If I understand the situation correctly, a durable power of attorney can’t be used after death and the executor of the will needs a court order to act on the deceased’s behalf. Since my partner is not my next of kin (dammit), there seems to be a gap wherein she cannot make decisions for the disposition of my body.
First – Am I understanding the law correctly?
Second – Is there anything I can do to ensure that she can take care of arrangements right after my death (rather than defaulting to my family)?
(FWIW, I’m not too worried about my family being jerks. But my Mom’s gotten a bit off in her old age, so I’m not 100% convinced they *wouldn’t *be jerks.)
My sister and I had Durable Power of Attorney for my mother’s affairs. When mom passed away and I told the funeral home that I had DOP the friendly fellow there said (in a nice way) “not any more you don’t”. He told me that a DOP doesn’t survive death.
Having said that, he had no problems with my making all of the decisions concerning the handling of her remains. Of course, that might have been related to the fact that I had handed him my credit card to pay for everything <g>.
(Also, there were no issues in terms of disagreements as to how to handle things. I guess that means I have no answer for your second question.)
Agency relationships (which is what a POA creates) terminate at incapacity or death, if not terminated earlier.
The durable POA endures the incapacitation of its principal. Disposition of the deceased’s estate is governed by the statute of wills, and consequently, any such instrument needs to be executed with the formalities specified by that act (i.e., it’s got to be a will/codicil).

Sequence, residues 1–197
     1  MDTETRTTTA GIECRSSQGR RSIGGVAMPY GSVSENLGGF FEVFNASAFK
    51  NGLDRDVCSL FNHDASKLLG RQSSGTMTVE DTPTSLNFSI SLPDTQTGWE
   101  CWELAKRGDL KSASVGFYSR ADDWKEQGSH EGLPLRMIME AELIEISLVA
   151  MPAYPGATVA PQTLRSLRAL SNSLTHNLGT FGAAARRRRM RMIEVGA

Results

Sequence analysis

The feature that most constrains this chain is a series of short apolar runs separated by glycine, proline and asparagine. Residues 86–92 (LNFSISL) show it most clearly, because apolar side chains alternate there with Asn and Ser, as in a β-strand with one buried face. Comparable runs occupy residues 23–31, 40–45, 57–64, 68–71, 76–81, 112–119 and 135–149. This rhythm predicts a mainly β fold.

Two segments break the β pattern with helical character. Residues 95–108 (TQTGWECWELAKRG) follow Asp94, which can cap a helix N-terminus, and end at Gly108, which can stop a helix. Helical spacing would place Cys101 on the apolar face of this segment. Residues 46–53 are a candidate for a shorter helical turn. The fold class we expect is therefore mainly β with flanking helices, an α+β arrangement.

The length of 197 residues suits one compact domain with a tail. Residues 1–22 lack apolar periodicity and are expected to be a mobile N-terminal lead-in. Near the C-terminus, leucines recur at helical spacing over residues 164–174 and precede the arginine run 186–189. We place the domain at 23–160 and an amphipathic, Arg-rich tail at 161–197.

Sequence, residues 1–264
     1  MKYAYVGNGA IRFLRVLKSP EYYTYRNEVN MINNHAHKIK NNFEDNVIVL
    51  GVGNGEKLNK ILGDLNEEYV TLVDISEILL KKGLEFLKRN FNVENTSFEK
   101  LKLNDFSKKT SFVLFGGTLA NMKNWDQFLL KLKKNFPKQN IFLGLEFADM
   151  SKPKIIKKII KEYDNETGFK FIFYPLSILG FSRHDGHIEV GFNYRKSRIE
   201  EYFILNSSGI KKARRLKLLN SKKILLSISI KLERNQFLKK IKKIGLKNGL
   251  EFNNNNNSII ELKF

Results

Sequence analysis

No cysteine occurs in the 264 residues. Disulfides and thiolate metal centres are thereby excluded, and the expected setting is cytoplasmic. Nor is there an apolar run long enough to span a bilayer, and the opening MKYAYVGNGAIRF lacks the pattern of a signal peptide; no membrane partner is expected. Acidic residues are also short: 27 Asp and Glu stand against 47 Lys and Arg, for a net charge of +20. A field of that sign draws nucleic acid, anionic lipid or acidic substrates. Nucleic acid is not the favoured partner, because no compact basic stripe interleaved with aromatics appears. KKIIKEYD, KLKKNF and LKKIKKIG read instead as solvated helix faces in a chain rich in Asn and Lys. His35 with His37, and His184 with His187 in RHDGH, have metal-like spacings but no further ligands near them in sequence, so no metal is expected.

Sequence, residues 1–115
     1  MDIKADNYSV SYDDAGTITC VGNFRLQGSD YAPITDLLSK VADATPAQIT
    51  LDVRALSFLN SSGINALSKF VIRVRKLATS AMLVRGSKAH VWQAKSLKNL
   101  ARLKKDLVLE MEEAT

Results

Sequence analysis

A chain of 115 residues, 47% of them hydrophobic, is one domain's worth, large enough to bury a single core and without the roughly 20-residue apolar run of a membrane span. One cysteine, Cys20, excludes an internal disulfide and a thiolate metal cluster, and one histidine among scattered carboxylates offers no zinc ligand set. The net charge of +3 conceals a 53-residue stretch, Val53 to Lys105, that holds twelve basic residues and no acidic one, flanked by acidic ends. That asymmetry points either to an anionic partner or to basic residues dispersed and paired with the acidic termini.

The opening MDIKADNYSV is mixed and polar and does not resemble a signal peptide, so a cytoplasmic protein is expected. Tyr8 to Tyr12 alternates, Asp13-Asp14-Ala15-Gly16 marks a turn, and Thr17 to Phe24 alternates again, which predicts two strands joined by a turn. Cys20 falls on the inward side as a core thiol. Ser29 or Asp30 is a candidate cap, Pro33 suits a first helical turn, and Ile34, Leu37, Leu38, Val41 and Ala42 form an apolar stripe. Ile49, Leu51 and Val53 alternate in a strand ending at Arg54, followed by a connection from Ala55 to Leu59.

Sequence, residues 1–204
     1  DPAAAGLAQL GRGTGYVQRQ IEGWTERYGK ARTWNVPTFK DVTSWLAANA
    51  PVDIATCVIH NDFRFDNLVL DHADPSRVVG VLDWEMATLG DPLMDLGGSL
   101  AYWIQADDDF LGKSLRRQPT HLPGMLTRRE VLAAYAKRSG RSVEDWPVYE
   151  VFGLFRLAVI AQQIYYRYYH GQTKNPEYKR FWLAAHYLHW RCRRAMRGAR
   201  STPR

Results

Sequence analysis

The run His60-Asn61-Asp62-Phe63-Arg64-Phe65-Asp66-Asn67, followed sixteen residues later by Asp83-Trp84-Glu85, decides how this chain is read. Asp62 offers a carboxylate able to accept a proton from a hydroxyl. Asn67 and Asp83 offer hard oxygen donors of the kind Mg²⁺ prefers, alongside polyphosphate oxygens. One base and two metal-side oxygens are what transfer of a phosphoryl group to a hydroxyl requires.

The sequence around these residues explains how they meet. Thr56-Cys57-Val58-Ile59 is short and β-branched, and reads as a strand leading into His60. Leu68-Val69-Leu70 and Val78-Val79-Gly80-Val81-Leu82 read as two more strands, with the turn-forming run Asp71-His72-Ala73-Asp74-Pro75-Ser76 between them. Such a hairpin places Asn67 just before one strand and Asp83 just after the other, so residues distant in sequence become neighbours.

That’s the general concept behind it. Importantly, however, the Illinois Power of Attorney Act allows DPOA to withstand the death of the principal to carry out his/her wishes on matters concerning anatomical gifts, autopsies and disposition of remains. 755 ILCS 45/4-3.
Most states’ Health Care Power of Attorney acts are creature of statute (and tweak the traditional common law of agency). In order to determine your options under your state’s law, you should consult an attorney.
IANAL, but in the OP’s position, I would be considering:
(1) Making my partner the executor of my will, and
(2) Specifically providing in my will that my partner had the power to control the arrangement for the disposition of my body.
I see no reason why those couldn’t be in your will, but you should ask your lawyer about how best to do both.
(As far as I know, the executor of a will need not be a lawyer, and may be a beneficiary under the will. The executor may hire a lawyer to give practical help with the formalities of executing the will.)
I’ll defer to the legal types on this, but this is what it would seem to me as a layman:
Even though you might be named as the executor, you do not officially receive that capacity until the probate court has appointed you as the estate’s personal representative (in accordance with the will), which would then give you the legal authority to act on the deceased’s behalf. I don’t know whether that qualifies as a “court order,” but I think you need their blessing before you can assume any official duties. I know I had to have my yellow sheets (appointment papers) anytime I had business to do with either of my parents’ accounts.